11. Vascular ultrasound measures before pregnancy and pregnancy complications: A prospective cohort study.

    PubMed

    Harville, Emily W; Juonala, Markus; Viikari, Jorma S A; Kähönen, Mika; Raitakari, Olli T

    2017-02-01

    To examine the relationship between pre-pregnancy indicators of cardiovascular risk and pregnancy complications and outcomes. Data from 359 female participants in the Cardiovascular Risk in Young Finns Study were linked with the national birth registry. Flow-mediated dilatation (FMD; maximum change in the left brachial artery diameter after rest and hyperemia); carotid intima-media thickness (IMT); Young's elastic modulus (YEM); and carotid artery distensibility (Cdist) at the visit prior to the pregnancy were examined as predictors of hypertensive disorders, birthweight, and gestational age using multivariable linear regression with adjustment for confounders (age, BMI, smoking, and socioeconomic status). No relations were seen between FMD, IMT, or the stiffness indices, and hypertensive disorders. Higher pre-pregnancy FMD was associated with lower gestational age, while increased Cdist was associated with reduced birthweight-for-gestational-age. Some cardiovascular ultrasound measures of pre-pregnancy may predict pregnancy complications, but the association is likely to be small.

  12. [A nurse's experience applying grief counseling to a bereaved family].

    PubMed

    Hsiao, Wen-Ling

    2010-04-01

    This case report describes a nurse's experience applying William Worden's Grief Counseling on a young woman whose mother had passed away after a brief period in a coma. The report describes how the nurse facilitated this case and assisted the woman though the grief process, during which the woman completed the four tasks of mourning. Seven behavioral process records were analyzed base on Worden's grief responses. Emotional reactions included shock, denial, guilt and fear. Insomnia was the sole physical reaction indicated. Cognitive reactions included disbelief with regard to the death and preoccupation with her mother. Social withdrawal, avoidance of mentioning her mother, calling out, sighing and crying comprised the main behavioral reactions. The author applied the concepts and principles of grief counseling by accompanying and supporting this case though the grief process, and helping the patient complete the four tasks of mourning, which are: (1) to experience the pain of grief, (2) to accept the reality of the death, (3) to adjust to life after the death, and (4) to move on with life. It is hoped that this case report will help nursing staffs be more sensitive and receptive to family grieving and be better equipped to provide proper grief care.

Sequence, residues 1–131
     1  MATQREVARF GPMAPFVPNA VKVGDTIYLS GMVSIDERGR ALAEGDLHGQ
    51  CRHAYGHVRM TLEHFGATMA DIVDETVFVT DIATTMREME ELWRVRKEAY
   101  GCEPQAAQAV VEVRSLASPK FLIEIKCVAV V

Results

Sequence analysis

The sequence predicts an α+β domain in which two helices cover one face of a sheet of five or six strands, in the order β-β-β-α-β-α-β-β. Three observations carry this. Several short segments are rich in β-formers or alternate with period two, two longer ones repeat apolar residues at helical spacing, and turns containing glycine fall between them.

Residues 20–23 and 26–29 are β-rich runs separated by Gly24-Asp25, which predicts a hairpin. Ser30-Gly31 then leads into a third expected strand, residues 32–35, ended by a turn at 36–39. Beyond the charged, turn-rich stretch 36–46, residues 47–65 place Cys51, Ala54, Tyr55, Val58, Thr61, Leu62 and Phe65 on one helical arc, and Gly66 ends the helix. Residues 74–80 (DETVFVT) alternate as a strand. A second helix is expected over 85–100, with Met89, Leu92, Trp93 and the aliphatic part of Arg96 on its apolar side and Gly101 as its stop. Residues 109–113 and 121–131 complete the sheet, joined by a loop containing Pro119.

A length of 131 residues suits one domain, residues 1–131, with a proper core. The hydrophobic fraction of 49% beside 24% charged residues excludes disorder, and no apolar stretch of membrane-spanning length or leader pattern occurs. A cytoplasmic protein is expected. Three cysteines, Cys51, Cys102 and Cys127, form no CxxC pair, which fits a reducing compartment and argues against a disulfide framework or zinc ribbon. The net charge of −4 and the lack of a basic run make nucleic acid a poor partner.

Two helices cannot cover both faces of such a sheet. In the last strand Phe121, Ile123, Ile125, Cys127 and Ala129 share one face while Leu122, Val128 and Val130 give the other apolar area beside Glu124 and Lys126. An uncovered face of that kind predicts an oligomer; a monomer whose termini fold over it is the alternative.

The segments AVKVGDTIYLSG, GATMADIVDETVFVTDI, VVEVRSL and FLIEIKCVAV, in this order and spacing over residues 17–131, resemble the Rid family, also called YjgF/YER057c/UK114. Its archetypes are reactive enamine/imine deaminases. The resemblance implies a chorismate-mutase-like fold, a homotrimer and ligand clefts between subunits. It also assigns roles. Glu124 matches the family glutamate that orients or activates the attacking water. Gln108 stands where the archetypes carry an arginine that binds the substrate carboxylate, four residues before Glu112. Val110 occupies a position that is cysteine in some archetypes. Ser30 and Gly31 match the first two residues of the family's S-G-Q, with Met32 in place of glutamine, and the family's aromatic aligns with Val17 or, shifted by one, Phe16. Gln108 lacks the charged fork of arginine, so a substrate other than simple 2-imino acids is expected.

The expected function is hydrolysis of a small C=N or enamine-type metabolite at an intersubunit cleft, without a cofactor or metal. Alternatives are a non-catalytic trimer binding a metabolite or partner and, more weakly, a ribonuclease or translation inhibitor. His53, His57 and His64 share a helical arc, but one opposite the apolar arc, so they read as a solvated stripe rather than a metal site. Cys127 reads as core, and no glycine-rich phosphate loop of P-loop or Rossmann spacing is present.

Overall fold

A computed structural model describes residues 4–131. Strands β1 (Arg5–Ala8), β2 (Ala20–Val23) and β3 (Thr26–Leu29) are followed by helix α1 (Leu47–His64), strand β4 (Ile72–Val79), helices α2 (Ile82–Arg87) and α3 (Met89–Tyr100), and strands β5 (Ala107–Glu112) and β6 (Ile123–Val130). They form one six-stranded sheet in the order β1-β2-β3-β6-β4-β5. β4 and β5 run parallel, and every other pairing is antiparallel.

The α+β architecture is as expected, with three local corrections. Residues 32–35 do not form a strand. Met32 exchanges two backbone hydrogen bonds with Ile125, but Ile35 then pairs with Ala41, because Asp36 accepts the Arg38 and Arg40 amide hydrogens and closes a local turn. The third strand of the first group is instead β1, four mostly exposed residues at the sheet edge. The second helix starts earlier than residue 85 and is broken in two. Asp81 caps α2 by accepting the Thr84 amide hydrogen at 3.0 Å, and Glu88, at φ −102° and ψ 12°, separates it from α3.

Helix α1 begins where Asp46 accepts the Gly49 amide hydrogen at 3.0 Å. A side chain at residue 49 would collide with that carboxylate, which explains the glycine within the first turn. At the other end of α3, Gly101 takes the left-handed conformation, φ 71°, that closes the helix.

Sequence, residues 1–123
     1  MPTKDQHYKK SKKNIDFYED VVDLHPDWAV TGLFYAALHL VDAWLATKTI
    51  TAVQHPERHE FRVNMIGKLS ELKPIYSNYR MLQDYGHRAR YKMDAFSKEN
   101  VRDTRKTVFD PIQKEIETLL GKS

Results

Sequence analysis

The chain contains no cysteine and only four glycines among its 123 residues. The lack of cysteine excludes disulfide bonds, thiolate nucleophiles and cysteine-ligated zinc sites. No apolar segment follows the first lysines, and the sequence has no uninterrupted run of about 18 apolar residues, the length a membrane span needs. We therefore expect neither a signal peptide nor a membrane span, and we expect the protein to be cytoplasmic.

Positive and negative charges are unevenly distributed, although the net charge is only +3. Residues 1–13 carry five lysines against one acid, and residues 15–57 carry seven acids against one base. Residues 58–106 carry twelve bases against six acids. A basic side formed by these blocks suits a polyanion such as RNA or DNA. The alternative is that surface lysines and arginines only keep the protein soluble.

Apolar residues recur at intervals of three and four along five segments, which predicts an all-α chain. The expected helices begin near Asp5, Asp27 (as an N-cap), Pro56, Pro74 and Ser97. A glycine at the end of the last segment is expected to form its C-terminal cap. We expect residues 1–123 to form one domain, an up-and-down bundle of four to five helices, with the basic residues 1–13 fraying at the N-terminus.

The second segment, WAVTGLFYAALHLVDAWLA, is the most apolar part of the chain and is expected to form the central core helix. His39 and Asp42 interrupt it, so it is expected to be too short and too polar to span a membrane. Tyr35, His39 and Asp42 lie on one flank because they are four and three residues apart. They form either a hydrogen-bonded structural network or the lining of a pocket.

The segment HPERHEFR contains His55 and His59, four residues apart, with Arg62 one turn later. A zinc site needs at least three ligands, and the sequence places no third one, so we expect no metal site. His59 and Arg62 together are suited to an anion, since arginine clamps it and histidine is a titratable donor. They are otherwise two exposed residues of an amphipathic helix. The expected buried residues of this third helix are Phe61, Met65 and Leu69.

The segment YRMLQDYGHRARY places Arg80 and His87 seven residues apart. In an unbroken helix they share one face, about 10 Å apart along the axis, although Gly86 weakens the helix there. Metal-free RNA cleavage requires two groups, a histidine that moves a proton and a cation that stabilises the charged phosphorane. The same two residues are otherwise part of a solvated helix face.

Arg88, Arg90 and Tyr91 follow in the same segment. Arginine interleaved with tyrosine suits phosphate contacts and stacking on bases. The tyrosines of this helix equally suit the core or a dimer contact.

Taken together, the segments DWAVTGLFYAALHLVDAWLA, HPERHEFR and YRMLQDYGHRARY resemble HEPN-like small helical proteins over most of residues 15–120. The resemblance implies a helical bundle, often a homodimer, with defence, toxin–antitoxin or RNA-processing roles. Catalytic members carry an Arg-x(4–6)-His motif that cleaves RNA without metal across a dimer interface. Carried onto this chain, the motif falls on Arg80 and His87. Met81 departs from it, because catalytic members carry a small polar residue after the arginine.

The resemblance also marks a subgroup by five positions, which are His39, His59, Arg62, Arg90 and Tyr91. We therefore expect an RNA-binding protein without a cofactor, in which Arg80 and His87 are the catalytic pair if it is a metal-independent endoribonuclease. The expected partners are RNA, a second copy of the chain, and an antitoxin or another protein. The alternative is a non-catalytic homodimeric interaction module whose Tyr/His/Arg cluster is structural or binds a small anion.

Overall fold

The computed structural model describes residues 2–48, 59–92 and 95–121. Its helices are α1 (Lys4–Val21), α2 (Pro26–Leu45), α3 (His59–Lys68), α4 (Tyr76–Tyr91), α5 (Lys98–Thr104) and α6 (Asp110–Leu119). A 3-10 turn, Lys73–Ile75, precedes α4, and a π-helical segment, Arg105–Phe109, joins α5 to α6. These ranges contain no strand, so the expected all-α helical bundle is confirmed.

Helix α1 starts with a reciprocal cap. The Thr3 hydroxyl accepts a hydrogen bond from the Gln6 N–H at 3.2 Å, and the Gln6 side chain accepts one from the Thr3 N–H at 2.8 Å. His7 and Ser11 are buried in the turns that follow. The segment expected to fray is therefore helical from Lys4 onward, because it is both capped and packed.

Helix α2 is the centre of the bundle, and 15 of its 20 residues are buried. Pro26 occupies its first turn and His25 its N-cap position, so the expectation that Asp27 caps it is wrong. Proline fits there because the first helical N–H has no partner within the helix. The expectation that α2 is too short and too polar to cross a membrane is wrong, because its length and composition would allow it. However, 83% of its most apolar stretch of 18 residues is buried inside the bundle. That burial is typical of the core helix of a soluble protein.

13. Grief Experiences Among Female American and Arab Undergraduate College Students.

    PubMed

    Varga, Mary Alice; McClam, Tricia M; Hassane, Sofoh

    2015-01-01